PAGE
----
Florida Five: Lenny Curry leaving RPOF, Senators revive immigrant-tuition bill

Five of today’s top Florida political stories at your fingertips:

RPOF Chairman Lenny CurryLenny Curry leaves RPOF, explores Jax mayoral bid: “Lenny Curry, who is exploring a run for Jacksonville mayor, will announce he is stepping down as chairman of the Florida Republican Party on Thursday, according to party officials with knowledge of the situation.”He will send a letter to Republican Party leadership Thursday, officials said. He will stay on as chair through the end of May…. Read more.

State senators revive, advance immigrant-tuition bill: A senator’s controversial, presumed-dead quest to secure in-state college tuition for students whose parents immigrated to the country illegally rose from the ashes Wednesday.Under the measure, undocumented students would be eligible to compete for fee waivers granting them in-state tuition if they had attended a Florida high school for at least three years prior to graduation. They would not be eligible for financial aid.The bills sponsor, Sen. Jack Latvala, R-Clearwater, encouraged his fellow lawmakers to help remedy an “inequitable situation” that now penalizes children brought to the United States through no choice of their own.Sen. Kelli Stargel, R-Lakeland, feared Florida would be throwing out the welcome mat for illegal immigrants. Read more.

Bill that would overhaul Florida state pensions fizzles: An unpopular effort to alter the state’s retirement system seemingly died in the Senate Wednesday.Senators momentarily advanced a House bill (HB 7181) that had merged controversial changes to the Florida Retirement System plan with a less-problematic fix to local police and fire pensions, but because it wasn’t abundantly clear that was the measure they had taken up they recalled it by a 21-15 vote.Sen. Jack Latvala, R-Clearwater, an outspoken opponent of changes to the state system, spearheaded the reversal before the Senate’s lunch break. The matter was not recalled during the afternoon session, signaling its demise. Read more.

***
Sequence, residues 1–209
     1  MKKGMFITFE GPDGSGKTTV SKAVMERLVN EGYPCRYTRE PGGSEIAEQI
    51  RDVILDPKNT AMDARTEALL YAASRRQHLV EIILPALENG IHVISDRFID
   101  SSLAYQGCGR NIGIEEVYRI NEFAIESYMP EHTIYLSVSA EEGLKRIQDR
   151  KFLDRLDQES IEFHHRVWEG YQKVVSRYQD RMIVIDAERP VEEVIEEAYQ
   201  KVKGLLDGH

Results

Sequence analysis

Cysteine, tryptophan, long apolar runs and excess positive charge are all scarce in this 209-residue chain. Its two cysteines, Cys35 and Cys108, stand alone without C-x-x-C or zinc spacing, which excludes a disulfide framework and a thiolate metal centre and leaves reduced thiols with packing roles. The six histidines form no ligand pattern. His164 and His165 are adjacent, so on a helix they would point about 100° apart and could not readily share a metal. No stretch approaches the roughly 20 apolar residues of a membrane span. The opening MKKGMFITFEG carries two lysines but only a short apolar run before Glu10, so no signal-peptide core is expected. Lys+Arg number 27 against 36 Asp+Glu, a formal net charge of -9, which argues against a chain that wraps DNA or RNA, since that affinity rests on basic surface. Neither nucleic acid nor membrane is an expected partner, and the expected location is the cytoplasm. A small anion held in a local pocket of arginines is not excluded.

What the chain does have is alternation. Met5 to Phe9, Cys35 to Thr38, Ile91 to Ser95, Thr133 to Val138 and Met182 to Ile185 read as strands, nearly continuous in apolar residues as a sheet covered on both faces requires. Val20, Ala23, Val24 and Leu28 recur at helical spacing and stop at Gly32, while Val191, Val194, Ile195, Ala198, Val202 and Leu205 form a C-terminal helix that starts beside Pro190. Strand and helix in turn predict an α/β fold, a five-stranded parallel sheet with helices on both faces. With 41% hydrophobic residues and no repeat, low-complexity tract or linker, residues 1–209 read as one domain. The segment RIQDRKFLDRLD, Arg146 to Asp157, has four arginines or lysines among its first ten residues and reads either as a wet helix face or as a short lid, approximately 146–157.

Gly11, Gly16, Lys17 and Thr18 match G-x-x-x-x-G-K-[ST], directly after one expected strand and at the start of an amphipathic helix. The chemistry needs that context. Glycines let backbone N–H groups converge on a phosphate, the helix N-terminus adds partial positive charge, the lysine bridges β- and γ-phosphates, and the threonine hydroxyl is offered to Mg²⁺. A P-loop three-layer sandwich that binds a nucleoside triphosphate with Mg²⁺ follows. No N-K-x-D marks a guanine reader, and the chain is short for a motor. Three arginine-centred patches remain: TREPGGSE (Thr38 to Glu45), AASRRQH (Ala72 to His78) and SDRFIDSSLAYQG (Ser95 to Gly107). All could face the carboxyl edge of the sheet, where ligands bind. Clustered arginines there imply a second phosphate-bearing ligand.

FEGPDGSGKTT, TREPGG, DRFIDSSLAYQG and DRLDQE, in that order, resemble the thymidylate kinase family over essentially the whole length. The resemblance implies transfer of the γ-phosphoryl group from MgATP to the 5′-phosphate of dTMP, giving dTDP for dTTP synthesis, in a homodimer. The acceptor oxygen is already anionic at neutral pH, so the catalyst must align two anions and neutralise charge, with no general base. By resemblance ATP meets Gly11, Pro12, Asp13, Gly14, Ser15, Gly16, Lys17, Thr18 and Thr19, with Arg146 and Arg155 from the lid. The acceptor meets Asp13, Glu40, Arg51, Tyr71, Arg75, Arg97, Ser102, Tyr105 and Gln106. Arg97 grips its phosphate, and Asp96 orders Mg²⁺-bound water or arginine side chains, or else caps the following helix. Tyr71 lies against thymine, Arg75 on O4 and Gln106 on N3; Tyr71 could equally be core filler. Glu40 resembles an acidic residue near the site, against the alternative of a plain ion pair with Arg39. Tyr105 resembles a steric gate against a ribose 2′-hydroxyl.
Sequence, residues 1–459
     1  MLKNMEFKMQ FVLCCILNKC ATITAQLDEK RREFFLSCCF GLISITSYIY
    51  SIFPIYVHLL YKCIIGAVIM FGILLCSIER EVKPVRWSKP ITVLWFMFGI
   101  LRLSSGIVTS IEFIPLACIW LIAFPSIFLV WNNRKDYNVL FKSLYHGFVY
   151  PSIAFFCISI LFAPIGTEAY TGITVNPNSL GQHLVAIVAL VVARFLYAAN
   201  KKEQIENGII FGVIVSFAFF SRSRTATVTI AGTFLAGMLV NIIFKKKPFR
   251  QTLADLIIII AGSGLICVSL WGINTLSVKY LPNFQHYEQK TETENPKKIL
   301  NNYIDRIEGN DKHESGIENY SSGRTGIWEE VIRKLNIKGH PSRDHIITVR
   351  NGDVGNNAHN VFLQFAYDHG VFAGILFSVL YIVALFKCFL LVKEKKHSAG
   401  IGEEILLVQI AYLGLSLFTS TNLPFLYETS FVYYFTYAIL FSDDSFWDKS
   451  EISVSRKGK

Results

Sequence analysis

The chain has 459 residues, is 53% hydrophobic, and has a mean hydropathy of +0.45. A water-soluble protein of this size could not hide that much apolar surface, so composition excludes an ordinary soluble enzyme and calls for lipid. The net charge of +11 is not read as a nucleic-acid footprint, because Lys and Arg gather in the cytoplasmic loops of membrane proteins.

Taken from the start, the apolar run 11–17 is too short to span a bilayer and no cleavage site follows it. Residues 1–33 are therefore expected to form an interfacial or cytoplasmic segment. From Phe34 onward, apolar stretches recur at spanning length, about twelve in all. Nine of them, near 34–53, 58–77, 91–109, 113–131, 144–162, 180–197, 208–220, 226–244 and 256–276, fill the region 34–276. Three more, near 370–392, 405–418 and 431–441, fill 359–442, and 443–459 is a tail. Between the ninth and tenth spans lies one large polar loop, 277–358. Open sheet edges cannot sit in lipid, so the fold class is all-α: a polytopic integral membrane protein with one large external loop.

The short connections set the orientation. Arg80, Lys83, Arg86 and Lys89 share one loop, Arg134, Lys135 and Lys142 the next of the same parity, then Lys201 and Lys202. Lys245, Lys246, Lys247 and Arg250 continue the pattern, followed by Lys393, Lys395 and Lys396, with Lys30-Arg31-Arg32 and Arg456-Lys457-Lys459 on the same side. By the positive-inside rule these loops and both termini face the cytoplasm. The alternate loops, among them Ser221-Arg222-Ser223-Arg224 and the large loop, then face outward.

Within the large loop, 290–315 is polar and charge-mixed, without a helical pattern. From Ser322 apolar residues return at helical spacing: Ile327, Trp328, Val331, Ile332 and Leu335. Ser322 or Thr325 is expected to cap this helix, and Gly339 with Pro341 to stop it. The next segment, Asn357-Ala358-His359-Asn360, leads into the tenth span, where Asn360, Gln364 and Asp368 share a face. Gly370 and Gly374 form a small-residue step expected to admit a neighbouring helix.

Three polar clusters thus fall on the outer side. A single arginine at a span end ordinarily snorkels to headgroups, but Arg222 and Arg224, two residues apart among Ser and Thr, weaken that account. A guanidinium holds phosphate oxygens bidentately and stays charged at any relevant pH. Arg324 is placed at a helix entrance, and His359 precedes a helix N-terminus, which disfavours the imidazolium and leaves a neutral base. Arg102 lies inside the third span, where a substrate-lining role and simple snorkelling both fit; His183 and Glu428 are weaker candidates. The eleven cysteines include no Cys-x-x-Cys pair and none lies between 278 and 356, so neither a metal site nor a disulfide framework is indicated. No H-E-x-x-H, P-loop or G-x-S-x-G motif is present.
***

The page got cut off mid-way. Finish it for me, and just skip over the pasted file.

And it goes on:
Speed Limit
Photo Source Jacksonville.com

Rick Scott all that stands between Florida drivers and 5 miles an hour more: Despite emotional arguments against a bill that would authorize the Florida Department of Transportation to raise the speed limit 5 miles per hour on some roads, the House of Representatives — in a squeaker — voted to send CS/SB 392 to the governor.The final vote was 58-56, with eight members not voting.It was close enough so at least one representative, Irv Slosberg, D-Delray Beach, hoping for buyers’ remorse, called for a reconsideration of the legislation at the end of the day’s business; the attempt failed, however. The bill had already been returned to the Senate where it originated.CS/SB 392 doesn’t require increasing speed limits on specific roads, but it enables FDOT to do so. Read more.

New Poll: Scott ahead of Crist; Bondi, marijuana amendment winning: A third poll released Wednesday shows a close gubernatorial contest in Florida, while Attorney General Pam Bondi holds a solid lead over her two Democratic rivals and voters in the Sunshine State appear ready to support a proposed state constitutional amendment allowing medical marijuana use. Conservative magazine Human Events commissioned a poll from Gravis Marketing that reveals Gov. Rick Scott is edging former Gov. Charlie Crist, the leading Democratic candidate, in the Florida gubernatorial contest. Earlier in the day, Quinnipiac University found Crist beating Scott by 10 percent. Read more. 

BONUS: Dale Hedrick appointed Palm Beach Chamber of Commerce President

For more Florida political news, visit BPR’s FLORIDA NEWS page


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